The details of any agreement signed off between Rhone and Liverpool would settle that. It is likely that Hicks and Gillett would have to agree to be sleeping partners, although it is understood that Agostinelli and Langman would not be seeking active involvement in the running of the club -- as the current American incumbents have.

Remoteness need not be a bad outcome. If Purslow can resolve the £100m issue, he can set about rescheduling his club's debts over three years on better terms, rather than the sequence of 12-month arrangements which seems to make every June an anxious time at Anfield, and there is confidence that if the club can be put on more secure financial footing in this way, then further capital can be secured to build the new Stanley Park stadium which has been the key to the club's financial future for so long.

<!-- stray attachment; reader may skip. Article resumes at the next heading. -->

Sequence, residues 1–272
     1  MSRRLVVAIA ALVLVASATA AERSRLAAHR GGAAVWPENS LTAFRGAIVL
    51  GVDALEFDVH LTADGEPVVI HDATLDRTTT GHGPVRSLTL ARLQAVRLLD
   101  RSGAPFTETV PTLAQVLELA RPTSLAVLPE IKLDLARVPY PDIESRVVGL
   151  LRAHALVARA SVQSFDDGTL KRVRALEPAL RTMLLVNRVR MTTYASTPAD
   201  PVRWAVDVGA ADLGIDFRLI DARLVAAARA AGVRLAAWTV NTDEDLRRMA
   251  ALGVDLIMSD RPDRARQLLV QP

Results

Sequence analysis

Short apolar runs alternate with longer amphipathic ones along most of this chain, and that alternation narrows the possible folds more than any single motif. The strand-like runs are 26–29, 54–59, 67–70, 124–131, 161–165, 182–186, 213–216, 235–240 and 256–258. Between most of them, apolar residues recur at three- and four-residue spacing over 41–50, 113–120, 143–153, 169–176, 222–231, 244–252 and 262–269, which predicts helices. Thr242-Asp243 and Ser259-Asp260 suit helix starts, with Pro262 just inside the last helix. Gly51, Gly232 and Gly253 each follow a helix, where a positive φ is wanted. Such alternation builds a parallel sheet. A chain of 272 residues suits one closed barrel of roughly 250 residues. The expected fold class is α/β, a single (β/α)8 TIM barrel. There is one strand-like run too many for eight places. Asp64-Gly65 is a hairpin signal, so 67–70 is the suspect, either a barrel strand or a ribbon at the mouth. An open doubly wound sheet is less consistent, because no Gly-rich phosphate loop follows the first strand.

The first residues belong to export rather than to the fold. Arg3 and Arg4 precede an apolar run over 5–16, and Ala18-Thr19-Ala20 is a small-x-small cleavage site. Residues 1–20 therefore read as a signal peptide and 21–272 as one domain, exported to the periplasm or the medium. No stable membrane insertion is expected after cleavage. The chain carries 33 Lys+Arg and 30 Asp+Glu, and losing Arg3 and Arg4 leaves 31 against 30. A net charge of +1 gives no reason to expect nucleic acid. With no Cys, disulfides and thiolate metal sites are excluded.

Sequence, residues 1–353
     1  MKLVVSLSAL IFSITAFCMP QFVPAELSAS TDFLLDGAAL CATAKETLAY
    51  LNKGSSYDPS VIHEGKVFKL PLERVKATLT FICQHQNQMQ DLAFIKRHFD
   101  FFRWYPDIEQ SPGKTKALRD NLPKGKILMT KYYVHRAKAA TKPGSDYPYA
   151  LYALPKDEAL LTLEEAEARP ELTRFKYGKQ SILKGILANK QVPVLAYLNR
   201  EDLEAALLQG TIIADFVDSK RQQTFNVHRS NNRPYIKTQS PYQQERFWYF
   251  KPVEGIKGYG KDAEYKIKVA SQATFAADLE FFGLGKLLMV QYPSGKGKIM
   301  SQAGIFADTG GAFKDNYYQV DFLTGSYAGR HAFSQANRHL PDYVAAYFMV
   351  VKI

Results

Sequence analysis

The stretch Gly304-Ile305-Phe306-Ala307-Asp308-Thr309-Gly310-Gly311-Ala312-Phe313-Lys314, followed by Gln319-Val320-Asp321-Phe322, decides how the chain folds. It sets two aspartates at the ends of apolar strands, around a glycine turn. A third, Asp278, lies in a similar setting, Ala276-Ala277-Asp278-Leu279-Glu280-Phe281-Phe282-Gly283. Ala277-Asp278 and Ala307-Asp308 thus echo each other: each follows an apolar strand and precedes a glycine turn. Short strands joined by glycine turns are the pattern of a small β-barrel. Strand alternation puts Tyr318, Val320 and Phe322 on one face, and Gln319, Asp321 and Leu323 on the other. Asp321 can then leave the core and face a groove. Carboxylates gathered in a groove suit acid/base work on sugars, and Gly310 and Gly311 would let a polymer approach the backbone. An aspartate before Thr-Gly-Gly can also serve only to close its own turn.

The suggestions are that Rhone Group would buy into that idea.

Needless to say, Hicks and Gillett have not expressed any great delight about Rhone Group, though the plight the club are now in does not give them room for manoeuvre with RBS.

The future of the club is in the hands of Purslow, whom RBS see as the individual to deliver back some of the money they are owed. (© Independent News Service)